(Thank you very much to Helen Ellis for sending this to me-I loved reading it!)
(First-a note about the controversy that this biography has caused: the estate of Ted Hughes was at various times described as ‘squaring up’ about the book. I’m not able to cast judgement about this: you can find various opinion pieces about that. Therefore, this review will be objective-and *hopefully* not take any sides)
Ted Hughes-unlike his wife-hasn’t previously had a biography written in as much depth about himself. (I’ve since lost count of how many Plath has garnered.) This is the work of five years, with Sir Jonathan Bate having had access to Hughes’ archives; it creates a very full picture.
For an amateur Plath scholar, it’s vivid, and has various revelations:
- I didn’t know that the film version of ‘The Bell Jar’ was bought to court, over a depiction of one character; googling came across various articles.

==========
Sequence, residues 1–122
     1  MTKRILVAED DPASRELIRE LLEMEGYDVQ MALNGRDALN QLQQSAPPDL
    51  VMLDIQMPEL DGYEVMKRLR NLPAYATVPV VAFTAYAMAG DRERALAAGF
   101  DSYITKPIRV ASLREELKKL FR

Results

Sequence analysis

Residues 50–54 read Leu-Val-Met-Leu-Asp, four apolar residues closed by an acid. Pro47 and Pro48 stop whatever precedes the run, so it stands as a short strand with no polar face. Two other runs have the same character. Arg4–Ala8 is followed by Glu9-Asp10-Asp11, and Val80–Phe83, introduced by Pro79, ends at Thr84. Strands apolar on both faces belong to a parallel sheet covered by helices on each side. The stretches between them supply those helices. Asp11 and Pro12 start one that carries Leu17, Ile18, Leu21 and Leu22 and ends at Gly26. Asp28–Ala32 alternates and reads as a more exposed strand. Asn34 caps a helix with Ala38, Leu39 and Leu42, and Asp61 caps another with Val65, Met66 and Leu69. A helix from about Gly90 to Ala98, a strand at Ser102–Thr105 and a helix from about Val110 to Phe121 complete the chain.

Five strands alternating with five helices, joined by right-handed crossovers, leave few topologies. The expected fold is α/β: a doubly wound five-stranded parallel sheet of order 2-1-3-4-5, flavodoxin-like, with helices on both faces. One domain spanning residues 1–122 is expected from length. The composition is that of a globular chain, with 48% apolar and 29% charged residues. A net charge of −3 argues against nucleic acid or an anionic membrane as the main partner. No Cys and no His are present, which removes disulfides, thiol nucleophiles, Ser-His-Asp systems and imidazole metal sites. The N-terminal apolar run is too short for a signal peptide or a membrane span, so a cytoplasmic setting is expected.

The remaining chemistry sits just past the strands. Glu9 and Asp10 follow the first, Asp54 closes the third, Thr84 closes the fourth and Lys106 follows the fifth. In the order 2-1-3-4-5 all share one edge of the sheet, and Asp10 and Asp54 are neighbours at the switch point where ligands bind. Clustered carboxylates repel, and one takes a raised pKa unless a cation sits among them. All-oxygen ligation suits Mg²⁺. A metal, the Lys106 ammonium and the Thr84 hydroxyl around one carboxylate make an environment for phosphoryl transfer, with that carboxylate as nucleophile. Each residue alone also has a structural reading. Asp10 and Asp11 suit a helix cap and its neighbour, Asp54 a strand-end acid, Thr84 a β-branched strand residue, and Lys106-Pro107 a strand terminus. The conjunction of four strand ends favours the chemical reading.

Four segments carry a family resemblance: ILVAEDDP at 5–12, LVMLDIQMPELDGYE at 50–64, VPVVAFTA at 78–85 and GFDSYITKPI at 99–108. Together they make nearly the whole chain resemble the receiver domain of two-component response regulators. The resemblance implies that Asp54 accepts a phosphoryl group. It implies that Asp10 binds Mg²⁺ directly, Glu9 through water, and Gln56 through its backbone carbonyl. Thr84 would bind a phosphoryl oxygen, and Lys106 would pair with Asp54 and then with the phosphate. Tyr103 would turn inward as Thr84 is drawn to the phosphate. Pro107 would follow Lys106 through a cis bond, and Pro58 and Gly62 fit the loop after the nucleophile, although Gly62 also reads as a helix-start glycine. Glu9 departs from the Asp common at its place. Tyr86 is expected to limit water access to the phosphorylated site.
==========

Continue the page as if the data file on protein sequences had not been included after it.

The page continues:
- Ted Hughes was found to have kept a Journal.
- And some I wish not to re-print here, because anyone can read the book..
And it has one element that Plath biographies sometimes leave out of their narrative; the aftermath, such as with Ariel, publication of her letters, critical reception..
It just could be a little more accessible to readers-without the various literary analogies, for instance, because it makes for quite an uphill slog. But then again, it could be argued that’s needed, to put it further into context. I still think he should write Plath’s biography as a follow-up..
What do you think; will you be reading? Let me know in the comments!